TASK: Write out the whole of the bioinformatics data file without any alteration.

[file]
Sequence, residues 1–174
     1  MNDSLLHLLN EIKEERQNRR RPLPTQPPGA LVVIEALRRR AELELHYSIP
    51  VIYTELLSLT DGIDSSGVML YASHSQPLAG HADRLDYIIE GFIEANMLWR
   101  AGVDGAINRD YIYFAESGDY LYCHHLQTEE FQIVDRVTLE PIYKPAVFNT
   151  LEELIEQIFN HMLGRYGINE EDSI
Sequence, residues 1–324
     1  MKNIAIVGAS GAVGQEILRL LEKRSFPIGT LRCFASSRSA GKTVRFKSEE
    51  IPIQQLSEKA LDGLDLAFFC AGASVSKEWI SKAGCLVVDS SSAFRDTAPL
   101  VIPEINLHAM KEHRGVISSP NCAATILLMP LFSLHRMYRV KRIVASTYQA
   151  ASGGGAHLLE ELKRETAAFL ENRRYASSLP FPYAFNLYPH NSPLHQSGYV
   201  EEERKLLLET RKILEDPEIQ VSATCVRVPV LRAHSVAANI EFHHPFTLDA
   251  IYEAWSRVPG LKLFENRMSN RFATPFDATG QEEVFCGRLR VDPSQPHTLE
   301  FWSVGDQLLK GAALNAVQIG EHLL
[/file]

Sequence, residues 1–174
     1  MNDSLLHLLN EIKEERQNRR RPLPTQPPGA LVVIEALRRR AELELHYSIP
    51  VIYTELLSLT DGIDSSGVML YASHSQPLAG HADRLDYIIE GFIEANMLWR
   101  AGVDGAINRD YIYFAESGDY LYCHHLQTEE FQIVDRVTLE PIYKPAVFNT
   151  LEELIEQIFN HMLGRYGINE EDSI
Sequence, residues 1–324
     1  MKNIAIVGAS GAVGQEILRL LEKRSFPIGT LRCFASSRSA GKTVRFKSEE
    51  IPIQQLSEKA LDGLDLAFFC AGASVSKEWI SKAGCLVVDS SSAFRDTAPL
   101  VIPEINLHAM KEHRGVISSP NCAATILLMP LFSLHRMYRV KRIVASTYQA
   151  ASGGGAHLLE ELKRETAAFL ENRRYASSLP FPYAFNLYPH NSPLHQSGYV
   201  EEERKLLLET RKILEDPEIQ VSATCVRVPV LRAHSVAANI EFHHPFTLDA
   251  IYEAWSRVPG LKLFENRMSN RFATPFDATG QEEVFCGRLR VDPSQPHTLE
   301  FWSVGDQLLK GAALNAVQIG EHLL